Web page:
Graduation Semester and Year




Document Type


Degree Name

Doctor of Philosophy in Linguistics



First Advisor

Naoko O Witzel


This dissertation investigates the grammatical processing in a heritage language (HL), or the first language (L1) in a home or minority setting that has become a non-dominant language, and a more dominant second language (L2). Five experiments were conducted to examine (i) whether grammatical processing in L1 Vietnamese (Experiments 1 and 2) and L2 English (Experiments 3, 4, and 5) is different in Vietnamese HL speakers from those who are late Vietnamese-English bilinguals, and, if there is a difference, (ii) how it differs between these two types of bilingual speakers. In order to test the grammatical processing, morphological decomposition of L1 Vietnamese and L2 English compound words was observed. The two participant groups were presented with Vietnamese and English compound words as primes and one of the constituents of these compound words as targets. Four types of compound words were tested based on semantic transparency of the constituent-- (i) both constituents of the compound word have transparent meaning relationships to the meaning of the compound word, (ii) the first constituent has a transparent relationship but the second has an opaque relationship, (iii) the first constituent has an opaque relationship while the second has a transparent, and (iv) both constituents have opaque relationships. If both the HL speakers and L1-dominant speakers morphologically decomposed these compound words automatically, they would show faster reaction times when this constituent was preceded by a related compound word than when it was preceded by an unrelated one. However, if they were not able to morphologically decompose these words automatically, then the reaction times would not show any differences. The results from the conducted experiments in Vietnamese (Experiments 1 and 2) and in English (Experiments 3, 4, and 5) suggest that HL speakers and L1-dominant speakers trend towards grammatically processing morphologically complex words in L1 and in their L2 similarly.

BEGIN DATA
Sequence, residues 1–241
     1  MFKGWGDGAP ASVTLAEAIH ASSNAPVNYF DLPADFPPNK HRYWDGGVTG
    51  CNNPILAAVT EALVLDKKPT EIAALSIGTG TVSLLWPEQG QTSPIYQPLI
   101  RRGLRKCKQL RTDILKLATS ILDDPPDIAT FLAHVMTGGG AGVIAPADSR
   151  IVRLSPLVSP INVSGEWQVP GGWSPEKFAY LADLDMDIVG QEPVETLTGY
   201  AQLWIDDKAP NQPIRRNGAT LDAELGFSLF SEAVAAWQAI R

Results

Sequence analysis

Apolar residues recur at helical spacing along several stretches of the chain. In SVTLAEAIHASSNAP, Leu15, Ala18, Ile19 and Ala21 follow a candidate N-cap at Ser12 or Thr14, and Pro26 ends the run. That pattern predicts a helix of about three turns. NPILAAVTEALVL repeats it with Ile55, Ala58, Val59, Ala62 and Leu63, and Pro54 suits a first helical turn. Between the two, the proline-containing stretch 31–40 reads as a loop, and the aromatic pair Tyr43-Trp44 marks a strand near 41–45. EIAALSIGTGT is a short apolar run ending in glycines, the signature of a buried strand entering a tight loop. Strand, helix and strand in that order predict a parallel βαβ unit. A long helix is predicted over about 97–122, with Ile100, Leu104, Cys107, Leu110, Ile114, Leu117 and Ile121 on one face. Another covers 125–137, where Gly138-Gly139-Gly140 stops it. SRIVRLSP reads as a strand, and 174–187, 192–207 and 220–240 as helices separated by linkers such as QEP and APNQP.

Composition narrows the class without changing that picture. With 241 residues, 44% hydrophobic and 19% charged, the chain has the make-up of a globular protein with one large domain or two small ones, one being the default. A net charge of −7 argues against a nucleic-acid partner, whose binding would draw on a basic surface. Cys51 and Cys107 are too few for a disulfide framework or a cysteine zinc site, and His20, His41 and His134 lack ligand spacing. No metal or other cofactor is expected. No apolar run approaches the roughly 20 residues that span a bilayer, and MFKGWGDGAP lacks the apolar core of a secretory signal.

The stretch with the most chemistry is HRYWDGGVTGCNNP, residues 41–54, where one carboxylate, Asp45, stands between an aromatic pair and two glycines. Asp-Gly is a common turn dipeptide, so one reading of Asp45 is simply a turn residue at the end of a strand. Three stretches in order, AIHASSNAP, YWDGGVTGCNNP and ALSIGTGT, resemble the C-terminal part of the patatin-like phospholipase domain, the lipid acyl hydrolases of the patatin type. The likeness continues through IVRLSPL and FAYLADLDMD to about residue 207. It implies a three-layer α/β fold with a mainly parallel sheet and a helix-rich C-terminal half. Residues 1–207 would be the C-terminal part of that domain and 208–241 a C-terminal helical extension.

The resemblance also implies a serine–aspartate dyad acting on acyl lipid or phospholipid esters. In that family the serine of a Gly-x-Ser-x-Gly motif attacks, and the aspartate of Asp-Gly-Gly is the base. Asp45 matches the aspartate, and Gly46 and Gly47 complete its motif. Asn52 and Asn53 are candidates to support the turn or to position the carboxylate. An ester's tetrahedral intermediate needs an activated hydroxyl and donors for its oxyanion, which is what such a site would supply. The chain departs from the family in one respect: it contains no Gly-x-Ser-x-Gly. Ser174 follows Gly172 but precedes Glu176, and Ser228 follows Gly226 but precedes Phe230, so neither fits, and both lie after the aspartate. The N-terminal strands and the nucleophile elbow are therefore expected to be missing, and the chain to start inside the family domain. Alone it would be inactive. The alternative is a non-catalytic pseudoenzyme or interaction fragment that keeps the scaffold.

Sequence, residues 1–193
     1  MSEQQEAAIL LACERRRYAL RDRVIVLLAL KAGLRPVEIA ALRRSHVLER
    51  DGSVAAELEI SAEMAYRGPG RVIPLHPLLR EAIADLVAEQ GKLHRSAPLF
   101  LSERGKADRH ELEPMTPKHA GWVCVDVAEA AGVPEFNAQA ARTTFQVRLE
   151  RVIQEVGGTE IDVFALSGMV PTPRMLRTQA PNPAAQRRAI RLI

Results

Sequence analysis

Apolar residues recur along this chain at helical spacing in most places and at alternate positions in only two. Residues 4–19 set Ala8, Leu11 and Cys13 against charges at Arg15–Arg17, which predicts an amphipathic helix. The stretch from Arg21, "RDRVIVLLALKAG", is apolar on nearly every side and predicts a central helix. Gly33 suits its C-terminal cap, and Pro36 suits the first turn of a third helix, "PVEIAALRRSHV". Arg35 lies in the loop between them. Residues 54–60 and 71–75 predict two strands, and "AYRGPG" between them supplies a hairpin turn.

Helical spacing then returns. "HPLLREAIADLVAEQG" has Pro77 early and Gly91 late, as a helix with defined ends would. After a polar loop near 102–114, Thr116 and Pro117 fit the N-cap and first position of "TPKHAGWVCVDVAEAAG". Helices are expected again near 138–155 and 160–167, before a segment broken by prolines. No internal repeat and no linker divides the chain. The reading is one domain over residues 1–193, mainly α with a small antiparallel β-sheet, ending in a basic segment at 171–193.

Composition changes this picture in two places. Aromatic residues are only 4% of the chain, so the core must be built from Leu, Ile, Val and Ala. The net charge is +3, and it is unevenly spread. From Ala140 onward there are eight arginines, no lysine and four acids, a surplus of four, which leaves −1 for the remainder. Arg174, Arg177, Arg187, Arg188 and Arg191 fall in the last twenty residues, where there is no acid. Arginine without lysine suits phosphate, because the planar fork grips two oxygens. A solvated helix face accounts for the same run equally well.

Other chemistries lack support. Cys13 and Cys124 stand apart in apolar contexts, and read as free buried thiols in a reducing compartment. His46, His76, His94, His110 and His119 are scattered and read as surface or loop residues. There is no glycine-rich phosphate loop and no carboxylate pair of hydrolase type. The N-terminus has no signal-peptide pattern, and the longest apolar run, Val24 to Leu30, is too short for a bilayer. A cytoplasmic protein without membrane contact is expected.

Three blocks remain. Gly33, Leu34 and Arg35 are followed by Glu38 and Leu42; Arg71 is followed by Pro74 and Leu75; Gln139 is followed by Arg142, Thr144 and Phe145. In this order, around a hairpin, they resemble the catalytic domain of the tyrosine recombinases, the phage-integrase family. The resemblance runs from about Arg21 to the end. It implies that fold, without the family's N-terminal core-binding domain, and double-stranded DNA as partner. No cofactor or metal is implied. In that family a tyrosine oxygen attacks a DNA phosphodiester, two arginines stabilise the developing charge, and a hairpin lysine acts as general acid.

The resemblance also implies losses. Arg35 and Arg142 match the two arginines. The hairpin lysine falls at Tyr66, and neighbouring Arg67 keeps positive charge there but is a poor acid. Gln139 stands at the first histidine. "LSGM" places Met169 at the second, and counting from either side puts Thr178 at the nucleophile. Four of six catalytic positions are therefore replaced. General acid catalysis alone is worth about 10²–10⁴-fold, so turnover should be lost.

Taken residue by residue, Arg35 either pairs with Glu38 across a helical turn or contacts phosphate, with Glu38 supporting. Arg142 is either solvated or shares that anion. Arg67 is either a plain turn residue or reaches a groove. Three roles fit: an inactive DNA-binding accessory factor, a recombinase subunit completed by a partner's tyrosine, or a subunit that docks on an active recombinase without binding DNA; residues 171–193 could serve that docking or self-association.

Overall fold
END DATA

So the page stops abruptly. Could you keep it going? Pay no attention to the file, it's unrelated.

Heritage language, Morphological decomposition, Compound words, Vietnamese, Bilingualism, Second language acquisition, Psycholinguistics


Linguistics | Social and Behavioral Sciences


Degree granted by The University of Texas at Arlington

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Linguistics Commons